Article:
2017 Worlds Previews: Cseh, Kenderesi Battle for Home Gold in 200 Fly

You can find links to all of our event-by-event previews and a compilation of our predicted medal-winners here.

2017 FINA World Championships

Laszlo Cseh (Photo: Peter Sukenik)

Hungary’s defending World Champion Laszlo Cseh seeks to keep the host nation on top of the podium in front of the home crowd at the 2017 FINA World Championships, but we could see a new Hungarian with a gold medal around his neck. Though Kristof Milak is the fastest Hungarian this season, it’ll be Cseh and Olympic bronze medalist Tamas Kenderesi (1:54.33) representing their country in Budapest in this race. Kenderesi swam his personal best 1:53.62 in the Rio final as he ran down the field to land a spot on the podium. He’s been within a second of that this season despite battling a virus during his rest meet (Hungarian Nationals). Cseh, on the other hand, took a long break after Rio and doesn’t look like a lock for the podium with his season best 1:56.08. He got significantly faster as he got back into the swing of things throughout this season, so he should make a big drop from his season best and at least make it to the final.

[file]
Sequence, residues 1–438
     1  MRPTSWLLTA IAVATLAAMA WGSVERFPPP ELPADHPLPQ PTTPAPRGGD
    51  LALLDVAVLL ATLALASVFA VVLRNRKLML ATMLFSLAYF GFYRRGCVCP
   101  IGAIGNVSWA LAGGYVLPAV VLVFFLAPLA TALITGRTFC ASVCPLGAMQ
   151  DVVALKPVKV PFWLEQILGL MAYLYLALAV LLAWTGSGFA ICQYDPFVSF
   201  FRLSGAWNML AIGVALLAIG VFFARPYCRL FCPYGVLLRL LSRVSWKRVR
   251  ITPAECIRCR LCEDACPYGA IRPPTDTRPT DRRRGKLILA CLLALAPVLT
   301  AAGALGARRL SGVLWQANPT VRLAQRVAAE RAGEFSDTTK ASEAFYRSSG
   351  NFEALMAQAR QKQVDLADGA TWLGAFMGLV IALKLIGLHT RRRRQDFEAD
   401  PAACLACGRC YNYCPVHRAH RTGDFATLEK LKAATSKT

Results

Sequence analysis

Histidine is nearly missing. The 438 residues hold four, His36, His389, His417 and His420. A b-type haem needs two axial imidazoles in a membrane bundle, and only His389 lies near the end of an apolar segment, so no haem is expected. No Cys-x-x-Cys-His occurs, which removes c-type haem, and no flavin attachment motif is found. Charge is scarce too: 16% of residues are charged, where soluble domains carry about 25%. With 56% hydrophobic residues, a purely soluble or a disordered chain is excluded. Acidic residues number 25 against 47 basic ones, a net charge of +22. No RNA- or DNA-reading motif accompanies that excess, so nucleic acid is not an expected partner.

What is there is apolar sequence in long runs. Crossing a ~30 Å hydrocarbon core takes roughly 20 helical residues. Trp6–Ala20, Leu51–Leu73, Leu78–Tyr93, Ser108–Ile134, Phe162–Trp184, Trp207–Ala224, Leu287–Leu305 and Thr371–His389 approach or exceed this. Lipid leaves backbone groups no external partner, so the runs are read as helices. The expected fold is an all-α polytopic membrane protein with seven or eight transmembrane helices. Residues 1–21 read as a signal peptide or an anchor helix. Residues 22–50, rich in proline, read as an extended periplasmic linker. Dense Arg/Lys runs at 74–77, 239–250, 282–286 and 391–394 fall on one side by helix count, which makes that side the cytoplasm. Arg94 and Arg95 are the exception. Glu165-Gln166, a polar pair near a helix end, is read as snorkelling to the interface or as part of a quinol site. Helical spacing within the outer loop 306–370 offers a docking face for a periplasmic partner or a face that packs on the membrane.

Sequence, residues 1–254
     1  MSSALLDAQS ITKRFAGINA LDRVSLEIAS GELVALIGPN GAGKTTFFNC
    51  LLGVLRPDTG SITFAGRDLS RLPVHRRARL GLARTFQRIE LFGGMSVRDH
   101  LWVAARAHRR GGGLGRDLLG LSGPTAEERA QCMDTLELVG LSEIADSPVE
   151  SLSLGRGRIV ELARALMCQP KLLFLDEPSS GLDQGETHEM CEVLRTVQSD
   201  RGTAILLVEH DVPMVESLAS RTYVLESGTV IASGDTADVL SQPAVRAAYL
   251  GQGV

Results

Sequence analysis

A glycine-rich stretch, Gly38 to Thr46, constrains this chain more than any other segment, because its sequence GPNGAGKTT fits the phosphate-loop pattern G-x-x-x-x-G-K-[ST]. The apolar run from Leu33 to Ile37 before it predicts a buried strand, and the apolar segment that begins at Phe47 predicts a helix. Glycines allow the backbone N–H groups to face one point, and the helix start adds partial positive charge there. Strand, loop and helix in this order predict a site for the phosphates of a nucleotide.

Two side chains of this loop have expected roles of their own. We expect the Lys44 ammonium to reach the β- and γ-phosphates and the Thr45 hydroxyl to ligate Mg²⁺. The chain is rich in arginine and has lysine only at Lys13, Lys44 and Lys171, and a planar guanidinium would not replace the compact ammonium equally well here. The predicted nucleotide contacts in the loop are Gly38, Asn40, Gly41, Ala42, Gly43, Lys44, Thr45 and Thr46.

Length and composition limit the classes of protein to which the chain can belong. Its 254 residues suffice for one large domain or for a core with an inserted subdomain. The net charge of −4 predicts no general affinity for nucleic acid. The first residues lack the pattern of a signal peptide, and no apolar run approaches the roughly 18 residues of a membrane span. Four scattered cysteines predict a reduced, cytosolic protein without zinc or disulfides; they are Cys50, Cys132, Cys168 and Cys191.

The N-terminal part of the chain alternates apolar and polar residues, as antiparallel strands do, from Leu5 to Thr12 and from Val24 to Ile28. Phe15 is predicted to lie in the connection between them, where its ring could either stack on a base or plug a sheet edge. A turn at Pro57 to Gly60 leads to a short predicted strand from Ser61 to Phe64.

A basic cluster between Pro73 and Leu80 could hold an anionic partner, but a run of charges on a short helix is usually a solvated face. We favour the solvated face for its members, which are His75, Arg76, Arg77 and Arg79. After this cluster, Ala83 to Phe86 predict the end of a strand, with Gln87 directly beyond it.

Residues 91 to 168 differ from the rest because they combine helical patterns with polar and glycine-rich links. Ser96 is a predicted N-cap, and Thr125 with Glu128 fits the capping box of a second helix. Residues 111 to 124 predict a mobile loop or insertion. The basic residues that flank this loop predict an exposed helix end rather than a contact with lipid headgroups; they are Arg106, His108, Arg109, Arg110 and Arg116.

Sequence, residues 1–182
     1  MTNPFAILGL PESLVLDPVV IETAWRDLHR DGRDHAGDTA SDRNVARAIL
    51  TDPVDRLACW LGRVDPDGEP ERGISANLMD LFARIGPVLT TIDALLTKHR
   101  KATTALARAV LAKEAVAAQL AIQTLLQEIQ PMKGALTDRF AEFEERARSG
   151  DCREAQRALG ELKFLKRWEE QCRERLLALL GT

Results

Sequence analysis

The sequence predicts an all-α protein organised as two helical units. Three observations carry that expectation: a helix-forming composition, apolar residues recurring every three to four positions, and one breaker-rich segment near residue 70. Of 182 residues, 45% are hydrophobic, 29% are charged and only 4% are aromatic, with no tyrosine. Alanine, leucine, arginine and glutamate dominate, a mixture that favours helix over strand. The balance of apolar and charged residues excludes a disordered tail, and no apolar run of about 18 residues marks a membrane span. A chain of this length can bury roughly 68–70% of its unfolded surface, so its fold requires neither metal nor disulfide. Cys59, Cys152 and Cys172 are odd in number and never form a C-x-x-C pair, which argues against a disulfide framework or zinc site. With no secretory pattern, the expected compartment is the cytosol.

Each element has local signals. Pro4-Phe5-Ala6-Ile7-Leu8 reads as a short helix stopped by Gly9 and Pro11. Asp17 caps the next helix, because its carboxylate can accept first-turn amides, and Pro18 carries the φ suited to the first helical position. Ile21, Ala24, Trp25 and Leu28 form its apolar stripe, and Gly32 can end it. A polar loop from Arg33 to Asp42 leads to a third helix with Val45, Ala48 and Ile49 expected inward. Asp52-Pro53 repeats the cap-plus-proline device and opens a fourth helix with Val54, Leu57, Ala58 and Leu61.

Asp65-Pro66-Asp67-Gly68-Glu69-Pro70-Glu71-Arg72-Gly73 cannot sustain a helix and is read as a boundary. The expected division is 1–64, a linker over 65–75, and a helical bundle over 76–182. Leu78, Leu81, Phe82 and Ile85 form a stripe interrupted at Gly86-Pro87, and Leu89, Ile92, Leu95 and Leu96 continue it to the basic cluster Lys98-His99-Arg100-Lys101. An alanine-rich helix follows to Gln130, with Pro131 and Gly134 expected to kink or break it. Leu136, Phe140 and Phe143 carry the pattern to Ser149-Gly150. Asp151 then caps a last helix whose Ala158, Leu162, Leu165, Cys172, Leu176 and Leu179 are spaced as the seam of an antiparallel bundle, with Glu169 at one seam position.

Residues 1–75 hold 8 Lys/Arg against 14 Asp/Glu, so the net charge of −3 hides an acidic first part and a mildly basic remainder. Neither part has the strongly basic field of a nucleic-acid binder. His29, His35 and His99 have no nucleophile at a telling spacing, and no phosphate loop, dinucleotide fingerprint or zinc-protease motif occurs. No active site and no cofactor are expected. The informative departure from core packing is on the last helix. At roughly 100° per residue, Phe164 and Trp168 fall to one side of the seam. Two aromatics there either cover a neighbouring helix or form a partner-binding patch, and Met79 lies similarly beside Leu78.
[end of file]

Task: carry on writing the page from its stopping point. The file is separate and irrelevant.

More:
The biggest obstacles for the Hungarians as they try to snag gold at home are Japan’s Masato Sakai and South Africa’s Chad Le Clos. 2012 Olympic gold medalist Le Clos missed the podium last summer with a 4th place finish and wasn’t able to break the 1:54-barrier, but he’s definitely in the gold medal conversation with a 1:52.96 lifetime best and a 1:53-mid on his resume from the 2015 World Championships. Like Kenderesi, Sakai used his back half speed to power to a personal best 1:53.40, taking silver and nearly running down Michael Phelps for gold. Sakai is the fastest man in the world this season, and the only swimmer to break 1:54 with his 1:53.79 from the Japan Swim. Teammate Daiya Seto is also a likely finalist and a medal contender, as he’s already been as fast as 1:54.28 this season, missing his best time by just 2 tenths.

Jack Conger (photo: Tim Binning)

The Americans may also see 2 of their swimmers in the final, as Jack Conger (1:54.48) and Pace Clark (1:54.58) turned in a pair of lifetime best 1:54-mids last month. While some swimmers have the luxury of not needing a full taper to qualify for Worlds, this was one of the more competitive events at U.S. Trials, so Conger and Clark probably needed a full taper for that meet. They’ll need to maintain their Trials times or make some adjustments to get a little faster to land 2 in the final for the USA, but since it’s the first World Championships meet for both of them, it’s hard to predict how much they’ll improve with 2 taper meets so close together. Some may argue that the NCAA format gives them the experience of resting for conference and then NCAAs shortly after, but neither really had to rest for conference as they’d already qualified for NCAAs, so this is a little bit different. In his post-race interview, Conger expressed that his time was a little slow and he believes there’s a lot more to come at Worlds. With the confidence he’s built after winning his first individual NCAA title and winning this race at U.S. Nationals, we could see a statement swim from him in Budapest.